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is not the Khojan; that the Khojan himself effected his escape to
Indajan, and is now alive.
in the insurrection.—The population of Kashgbar, Yrirqand, and Kbotan consists of two tribes ; the one is called Aghtaghlaq, and the other, Karataghlaq. When the Chinese troops arrived for the recovery of Ydrqand, the Aghtaghlaqs were all on the side of the Khojan, in revenge of their adherence to whom the Chinese authorities slew all their males, gave their females and children to their own countrymen, and sent them into distant parts of China. Of the Karatag/zlag, such as favored the Khojan, were killed, and the rest set at liberty.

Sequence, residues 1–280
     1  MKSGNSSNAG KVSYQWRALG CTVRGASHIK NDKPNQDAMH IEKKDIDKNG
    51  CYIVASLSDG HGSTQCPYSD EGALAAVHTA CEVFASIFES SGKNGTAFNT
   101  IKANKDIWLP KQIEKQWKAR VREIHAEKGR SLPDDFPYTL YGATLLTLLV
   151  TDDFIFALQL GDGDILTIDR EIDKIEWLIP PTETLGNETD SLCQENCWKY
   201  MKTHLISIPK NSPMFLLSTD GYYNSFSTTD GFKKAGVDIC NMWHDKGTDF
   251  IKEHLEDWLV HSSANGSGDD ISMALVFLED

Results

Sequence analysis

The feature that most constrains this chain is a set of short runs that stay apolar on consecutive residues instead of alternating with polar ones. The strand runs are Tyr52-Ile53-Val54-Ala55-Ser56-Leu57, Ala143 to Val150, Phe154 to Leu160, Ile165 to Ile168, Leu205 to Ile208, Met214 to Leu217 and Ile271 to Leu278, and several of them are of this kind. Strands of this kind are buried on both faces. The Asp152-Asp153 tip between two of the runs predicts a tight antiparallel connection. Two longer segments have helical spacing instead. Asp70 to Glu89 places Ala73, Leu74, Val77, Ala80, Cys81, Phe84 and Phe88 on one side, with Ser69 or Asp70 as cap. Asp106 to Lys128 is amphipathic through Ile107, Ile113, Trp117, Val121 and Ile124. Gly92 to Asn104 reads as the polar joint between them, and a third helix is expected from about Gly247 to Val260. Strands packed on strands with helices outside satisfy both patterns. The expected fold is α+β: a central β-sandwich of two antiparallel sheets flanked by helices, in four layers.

Commercial operations of the Russians on the I la}: frontier.-—About a year and half ago, a report was received of the Russians having taken Kapchaq, and arrived at Ilah, which is a great entrepfit of commerce. Between Ilah and the Russian frontier post is an extensive lake, on the border of which the Russians are stated to have established a fort, and to have built a town in its vicinity. Not wishing to be involved in hostilities with the Russians, the Chinese are said to have paid them a large sum of money to purchase peace. The chief of Laddlrh has informed the Emperor of China, that the English are constructing a road to Kaughri, which is situated near Ispitti. On the receipt of which intelligence, the Emperor sent a Zandu, or personal inquiry, to Arzeng, to watch the state of affairs in that quarter; and ordered at the same time, his garrison of Rodo/ch, which is 12 stages from Leda’/ck, to be reinforced by a large force.
Opinion of the people of Iskérdoh of the power and authority of the Emperor of Clu'na._It is said, that the Emperor of China has 3000